I’m calling it; that’s enough talk about Janet Yellen and the Federal Reserve’s likely strategy to continue printing money until the economic renewal picks up steam.
America has spent trillions to save its housing, financial, and auto sectors, and in the process, it has likely crippled the future generations with its massive build-up of national debt.
Yet at the same time, across the Pacific Ocean, China has seen decades of economic growth that has driven the country to surpass Germany and Japan to become the second-largest economy in the world, trailing only the United States. But unlike good old America, the Chinese have also managed to build up reserves of over $3.5 trillion.
And while there are still many in the United States who dish on China, I’m not in that camp. Having traveled to China, I can tell you the growth there has been staggering and it is reflected in the building of massive super cities that make New York City look small.
The money and wealth creation in China from the rural areas to the urban centers has driven the domestic consumption, and I expect this trend to continue.
And while the focus here was on the Federal Reserve and its suspect quantitative easing strategy, the Communist Party in China was meeting to discuss the future of the country.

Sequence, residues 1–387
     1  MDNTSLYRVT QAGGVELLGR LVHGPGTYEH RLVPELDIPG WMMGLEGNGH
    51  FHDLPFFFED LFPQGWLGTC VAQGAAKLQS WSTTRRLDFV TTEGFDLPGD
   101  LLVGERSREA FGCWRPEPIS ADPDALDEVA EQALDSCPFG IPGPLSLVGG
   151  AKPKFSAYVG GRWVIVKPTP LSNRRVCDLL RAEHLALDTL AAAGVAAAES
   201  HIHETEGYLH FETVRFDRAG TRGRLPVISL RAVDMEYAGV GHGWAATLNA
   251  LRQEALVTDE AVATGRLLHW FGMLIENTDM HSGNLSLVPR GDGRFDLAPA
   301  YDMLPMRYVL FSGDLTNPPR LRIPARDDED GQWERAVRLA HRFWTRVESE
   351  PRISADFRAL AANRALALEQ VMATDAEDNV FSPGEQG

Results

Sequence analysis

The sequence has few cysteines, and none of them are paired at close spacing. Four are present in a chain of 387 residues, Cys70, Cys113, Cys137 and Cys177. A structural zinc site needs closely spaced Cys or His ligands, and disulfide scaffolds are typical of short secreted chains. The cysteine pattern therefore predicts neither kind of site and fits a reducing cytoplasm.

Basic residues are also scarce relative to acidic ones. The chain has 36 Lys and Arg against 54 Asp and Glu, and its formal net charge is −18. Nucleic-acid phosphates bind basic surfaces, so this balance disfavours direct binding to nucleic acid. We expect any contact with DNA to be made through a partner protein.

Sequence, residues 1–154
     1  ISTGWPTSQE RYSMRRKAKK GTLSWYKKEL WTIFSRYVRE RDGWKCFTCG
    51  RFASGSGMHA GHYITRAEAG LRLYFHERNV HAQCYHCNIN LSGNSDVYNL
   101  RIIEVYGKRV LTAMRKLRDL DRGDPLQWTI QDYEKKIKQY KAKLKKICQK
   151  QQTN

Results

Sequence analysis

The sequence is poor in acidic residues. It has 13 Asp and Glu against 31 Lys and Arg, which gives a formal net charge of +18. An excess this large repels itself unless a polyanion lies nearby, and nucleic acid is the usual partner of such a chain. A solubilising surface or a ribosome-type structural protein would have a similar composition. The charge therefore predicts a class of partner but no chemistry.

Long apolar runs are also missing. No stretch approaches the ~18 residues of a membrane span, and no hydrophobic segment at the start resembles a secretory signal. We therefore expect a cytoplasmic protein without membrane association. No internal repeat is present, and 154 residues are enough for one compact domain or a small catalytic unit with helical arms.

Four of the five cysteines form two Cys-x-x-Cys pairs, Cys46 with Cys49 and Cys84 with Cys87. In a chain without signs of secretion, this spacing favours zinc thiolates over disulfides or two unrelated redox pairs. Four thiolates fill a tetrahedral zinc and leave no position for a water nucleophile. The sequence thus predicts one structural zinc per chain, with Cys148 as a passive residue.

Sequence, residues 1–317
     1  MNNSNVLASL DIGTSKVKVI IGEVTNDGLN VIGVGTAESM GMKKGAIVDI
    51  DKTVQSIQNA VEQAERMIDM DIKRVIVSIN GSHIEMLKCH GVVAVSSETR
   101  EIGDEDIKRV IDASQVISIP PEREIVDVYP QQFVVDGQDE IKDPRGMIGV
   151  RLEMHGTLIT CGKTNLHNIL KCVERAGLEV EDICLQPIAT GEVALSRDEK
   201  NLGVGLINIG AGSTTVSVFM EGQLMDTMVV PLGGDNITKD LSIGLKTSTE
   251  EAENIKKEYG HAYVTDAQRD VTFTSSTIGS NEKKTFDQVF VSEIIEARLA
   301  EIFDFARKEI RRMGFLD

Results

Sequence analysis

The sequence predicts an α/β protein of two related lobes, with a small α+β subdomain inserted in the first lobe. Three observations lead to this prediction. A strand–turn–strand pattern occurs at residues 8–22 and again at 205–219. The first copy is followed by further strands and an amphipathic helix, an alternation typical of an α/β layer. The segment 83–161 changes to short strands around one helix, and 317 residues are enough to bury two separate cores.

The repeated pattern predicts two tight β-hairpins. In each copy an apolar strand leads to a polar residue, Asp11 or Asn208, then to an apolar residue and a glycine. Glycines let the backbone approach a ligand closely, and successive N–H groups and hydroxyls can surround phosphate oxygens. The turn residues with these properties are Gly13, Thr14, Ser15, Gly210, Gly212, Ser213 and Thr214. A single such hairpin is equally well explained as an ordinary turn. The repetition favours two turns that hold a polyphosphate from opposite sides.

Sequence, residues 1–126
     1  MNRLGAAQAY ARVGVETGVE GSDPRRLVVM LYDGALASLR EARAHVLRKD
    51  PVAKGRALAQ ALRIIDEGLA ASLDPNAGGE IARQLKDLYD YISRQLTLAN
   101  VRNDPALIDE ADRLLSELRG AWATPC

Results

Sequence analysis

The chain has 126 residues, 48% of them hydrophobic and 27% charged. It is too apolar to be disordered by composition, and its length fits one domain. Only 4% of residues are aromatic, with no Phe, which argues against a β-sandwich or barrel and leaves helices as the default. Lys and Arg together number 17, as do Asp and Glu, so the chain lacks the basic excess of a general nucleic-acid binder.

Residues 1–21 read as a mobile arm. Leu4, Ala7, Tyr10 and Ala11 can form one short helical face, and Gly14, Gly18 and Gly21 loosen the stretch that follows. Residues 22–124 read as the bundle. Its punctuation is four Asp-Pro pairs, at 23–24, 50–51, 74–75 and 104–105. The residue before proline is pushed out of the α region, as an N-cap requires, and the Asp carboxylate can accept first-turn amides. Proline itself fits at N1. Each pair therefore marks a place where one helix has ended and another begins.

At the core of the massive reforms in China will be major changes to its current policies as the country gets set for what will likely be another 20 years of growth superior to the United States and other Western countries. China doesn’t want its economic engine to stall…. Read More
Apple, Inc. (NASDAQ/AAPL) is maintaining its position as the top seller of smartphones in the U.S., but in the more important global market, Apple is trailing behind its competitors. Unless Apple gains traction in China and the emerging markets, the stock is going nowhere—and that is exactly what institutional money is saying. In the last six months, institutions sold a net 29.14 million shares of Apple, cutting institutional ownership by 5.5%, according to Thomson Financial. The takeaway point in this scenario? When institutions sell, you need to take note and follow the pro money.
Simply put, by looking at where the institutional money is flowing, you can get a better sense of the market. Institutional investors are the money guys who have better access to important information and know when it’s time to jump ship. When a top-ranked analyst says jump, it’s usually wise to jump.
Take a look at the high momentum Internet services stocks. Institutional ownership is declining here, and I’m not surprised, given the massive run-up in prices this year.
Netflix, Inc. (NASDAQ/NFLX) has been the current target of heavy selling by institutions, as the share price surged above $300.00 and the valuation got out of whack at 86 times (X) its estimated 2014 earnings per share (EPS) and a massive price-to-earnings growth ratio at 8.62. Talk about overvalued! Institutions realize this, and over the past six months, 16.13 million shares were dumped, representing a decline of 4.5% in institutional ownership, according to data from Thomson Financial.
Even insiders at Netflix are selling, with 1.06 million shares sold via 26 transactions. On November 4, Neil Hunt, Netflix’s … Read More